Monica Grady, The Open University
How do you say goodbye to a valued colleague with whom you have worked closely for almost two decades? Maybe there is a farewell party, a collection for a gift, a bunch of flowers? If the colleague is moving to an exciting new post, the affair is usually joyful, possibly tinged with envy as well as regret. The same is true if the colleague is retiring – depending how close you are to retirement yourself. But what are those who worked on developing the comet lander Philae supposed to feel now their colleague faces “eternal hibernation” after a decision was made to give up trying to contact it?
The Rosetta spacecraft released Philae onto comet 67P/Churyumov Gerasimenko on November 12 2014. Although the landing didn’t go quite as planned, Philae was still able to operate for almost 70 hours before its main batteries ran out, fulfilling almost all of its scientific goals. The awkward landing prevented Philae’s solar panels from charging-up the secondary batteries, but it was hoped that as 67P drew closer to the sun, the increasing levels of light would revive the sleeping lander. And this happened – on June 13 2015, Rosetta received a signal from Philae, indicating that the batteries were charged, and the lander was all set for another phase of investigation.
Unfortunately, in order for Philae to work effectively, there had to be a stable connection with Rosetta. And that did not happen, possibly because Philae’s transmitter became damaged as it landed. Only intermittent communication was possible – and then even that ceased when Rosetta had to move away from 67P as it came closer to the sun. This was because the amount of dust flowing away from the nucleus was a danger to Rosetta. Imagine having to steer a vehicle through a howling blizzard with no way of clearing the windscreen – that was the effect the dust was having. The spacecraft had to retreat to a safe distance of about 300km from the surface – too great to hear Philae’s signals.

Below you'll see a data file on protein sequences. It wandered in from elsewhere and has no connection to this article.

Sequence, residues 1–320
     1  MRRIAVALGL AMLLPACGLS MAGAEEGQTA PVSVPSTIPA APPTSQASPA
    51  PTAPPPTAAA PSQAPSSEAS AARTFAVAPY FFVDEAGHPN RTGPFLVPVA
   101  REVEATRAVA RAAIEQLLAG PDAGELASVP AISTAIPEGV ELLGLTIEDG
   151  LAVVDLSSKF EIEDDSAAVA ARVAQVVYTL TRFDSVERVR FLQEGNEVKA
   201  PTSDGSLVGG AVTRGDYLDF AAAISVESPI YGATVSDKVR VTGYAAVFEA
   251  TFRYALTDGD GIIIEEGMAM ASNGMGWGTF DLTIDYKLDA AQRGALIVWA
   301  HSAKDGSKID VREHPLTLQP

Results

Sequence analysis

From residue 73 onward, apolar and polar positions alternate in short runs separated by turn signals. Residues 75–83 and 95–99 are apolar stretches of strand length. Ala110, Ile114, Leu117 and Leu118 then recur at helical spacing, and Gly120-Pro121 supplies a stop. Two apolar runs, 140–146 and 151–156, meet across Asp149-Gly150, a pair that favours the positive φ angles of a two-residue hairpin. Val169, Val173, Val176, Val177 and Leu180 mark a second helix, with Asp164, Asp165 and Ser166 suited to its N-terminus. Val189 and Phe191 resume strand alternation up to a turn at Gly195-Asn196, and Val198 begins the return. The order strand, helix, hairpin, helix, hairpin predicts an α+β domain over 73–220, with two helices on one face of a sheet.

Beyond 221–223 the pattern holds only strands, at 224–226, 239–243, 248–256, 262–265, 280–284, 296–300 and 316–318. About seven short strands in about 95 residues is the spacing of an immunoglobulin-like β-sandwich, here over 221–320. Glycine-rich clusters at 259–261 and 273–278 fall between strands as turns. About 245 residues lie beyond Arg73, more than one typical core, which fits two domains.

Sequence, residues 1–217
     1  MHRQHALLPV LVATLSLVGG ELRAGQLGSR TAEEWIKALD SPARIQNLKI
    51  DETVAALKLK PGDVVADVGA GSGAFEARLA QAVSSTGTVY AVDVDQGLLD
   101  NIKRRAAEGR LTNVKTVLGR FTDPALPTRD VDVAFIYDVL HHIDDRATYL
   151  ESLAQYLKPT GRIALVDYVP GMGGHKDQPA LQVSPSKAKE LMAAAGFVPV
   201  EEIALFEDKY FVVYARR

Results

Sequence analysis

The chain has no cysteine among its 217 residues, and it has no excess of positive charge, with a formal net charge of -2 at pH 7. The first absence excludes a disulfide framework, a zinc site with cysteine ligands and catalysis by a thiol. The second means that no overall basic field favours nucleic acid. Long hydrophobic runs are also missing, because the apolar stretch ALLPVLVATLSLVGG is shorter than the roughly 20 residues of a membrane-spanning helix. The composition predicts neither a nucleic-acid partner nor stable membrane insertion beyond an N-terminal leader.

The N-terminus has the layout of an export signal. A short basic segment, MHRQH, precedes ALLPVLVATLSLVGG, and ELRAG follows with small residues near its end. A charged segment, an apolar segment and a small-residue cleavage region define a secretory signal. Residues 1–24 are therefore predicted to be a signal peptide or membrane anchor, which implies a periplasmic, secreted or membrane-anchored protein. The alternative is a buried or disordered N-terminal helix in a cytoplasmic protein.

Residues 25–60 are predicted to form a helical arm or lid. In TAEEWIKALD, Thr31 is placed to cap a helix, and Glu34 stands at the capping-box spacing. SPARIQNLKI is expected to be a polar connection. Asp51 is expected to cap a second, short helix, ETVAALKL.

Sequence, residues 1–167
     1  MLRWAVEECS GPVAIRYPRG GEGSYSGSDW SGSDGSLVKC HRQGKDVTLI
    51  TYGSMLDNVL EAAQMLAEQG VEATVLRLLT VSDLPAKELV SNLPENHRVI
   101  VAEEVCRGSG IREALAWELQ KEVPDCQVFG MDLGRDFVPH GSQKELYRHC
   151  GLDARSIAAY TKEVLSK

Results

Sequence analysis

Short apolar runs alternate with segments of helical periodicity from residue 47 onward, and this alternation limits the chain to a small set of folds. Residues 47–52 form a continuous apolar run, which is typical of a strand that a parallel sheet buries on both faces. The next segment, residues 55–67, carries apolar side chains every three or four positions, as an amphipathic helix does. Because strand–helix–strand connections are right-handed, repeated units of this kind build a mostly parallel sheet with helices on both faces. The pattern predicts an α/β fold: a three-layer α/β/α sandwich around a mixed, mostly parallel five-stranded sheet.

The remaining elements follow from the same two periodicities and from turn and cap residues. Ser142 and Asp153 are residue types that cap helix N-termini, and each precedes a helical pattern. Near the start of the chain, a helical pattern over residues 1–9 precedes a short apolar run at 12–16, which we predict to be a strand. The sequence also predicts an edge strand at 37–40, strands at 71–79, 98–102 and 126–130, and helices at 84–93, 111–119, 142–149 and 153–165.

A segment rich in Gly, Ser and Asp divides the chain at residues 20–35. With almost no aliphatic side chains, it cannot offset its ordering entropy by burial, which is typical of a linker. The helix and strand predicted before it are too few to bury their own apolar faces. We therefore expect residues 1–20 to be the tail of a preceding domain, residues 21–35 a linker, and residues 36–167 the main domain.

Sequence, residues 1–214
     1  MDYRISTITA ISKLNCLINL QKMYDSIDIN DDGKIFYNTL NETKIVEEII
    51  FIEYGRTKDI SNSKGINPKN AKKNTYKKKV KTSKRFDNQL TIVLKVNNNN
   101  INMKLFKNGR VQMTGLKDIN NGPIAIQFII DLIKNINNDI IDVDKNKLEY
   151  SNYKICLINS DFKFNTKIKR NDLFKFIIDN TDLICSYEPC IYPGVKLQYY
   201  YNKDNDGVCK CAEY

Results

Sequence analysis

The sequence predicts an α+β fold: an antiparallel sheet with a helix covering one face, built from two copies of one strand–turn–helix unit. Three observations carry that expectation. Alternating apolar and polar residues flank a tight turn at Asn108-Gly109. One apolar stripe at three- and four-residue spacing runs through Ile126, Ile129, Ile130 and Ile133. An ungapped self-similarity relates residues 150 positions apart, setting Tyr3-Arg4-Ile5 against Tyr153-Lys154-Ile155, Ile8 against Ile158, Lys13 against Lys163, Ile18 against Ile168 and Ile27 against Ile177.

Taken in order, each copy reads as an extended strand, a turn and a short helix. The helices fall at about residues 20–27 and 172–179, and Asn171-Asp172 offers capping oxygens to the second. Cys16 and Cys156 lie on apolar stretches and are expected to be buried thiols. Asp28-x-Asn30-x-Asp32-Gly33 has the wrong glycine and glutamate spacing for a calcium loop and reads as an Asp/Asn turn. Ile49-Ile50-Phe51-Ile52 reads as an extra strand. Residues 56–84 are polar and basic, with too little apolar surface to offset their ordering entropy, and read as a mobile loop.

Where’s Philae hiding? ESA/Rosetta/NAVCAM, CC BY-SA
There was a second opportunity for communication when Rosetta went through its closest approach to the sun and then started to move away, and the comet’s activity decreased. Rosetta has been listening for Philae, but sadly not a chirp or a tweet has been heard. Partly this has been because the distance between Rosetta and the nucleus was too great – but since about January, Rosetta has been within hailing distance, and still no word has been received.
We are not certain why Philae has not been able to communicate. As well as potential damage to its transmitter, the communications antenna might have been displaced and could be pointing in the wrong direction. Or the copious quantities of dust released by the comet have covered the solar panels, preventing them charging up. Or some of the dust has found its way into the inner workings of the lander, and jammed an essential component. Or ice could have sublimated – vaporising without turning into a liquid first – below the lander, causing it to fall even further over.
Yet other possible causes are an overhanging ice cliff crashing down on top of Philae or too much sunlight frying the electronics. Unfortunately, because nothing much can (or could) be done to fix the communication problem, it doesn’t really matter what is causing the radio silence. It is disappointing that there was no opportunity for additional science from the lander – but so much information was returned from the initial campaign that the Philae scientists will be kept busy for plenty of time yet.
And never say never. Over the next six months, Rosetta will orbit the comet more closely – and by about August could be in a position to see Philae directly. If this happens, we should be able to deduce why communication couldn’t be established. It will also help us interpret the data acquired by the instruments, as we will be able to see the landscape in which Philae is sitting.
There will not be any retirement parties for Philae yet – not until Rosetta makes its controlled landing on 67P in September. And that will be a glorious ending to an unforgettable mission.
Mind you, I suspect it was the gravitational waves that knocked the antenna off-beam …
Monica Grady, Professor of Planetary and Space Sciences, The Open University
This article was originally published on The Conversation. Read the original article.
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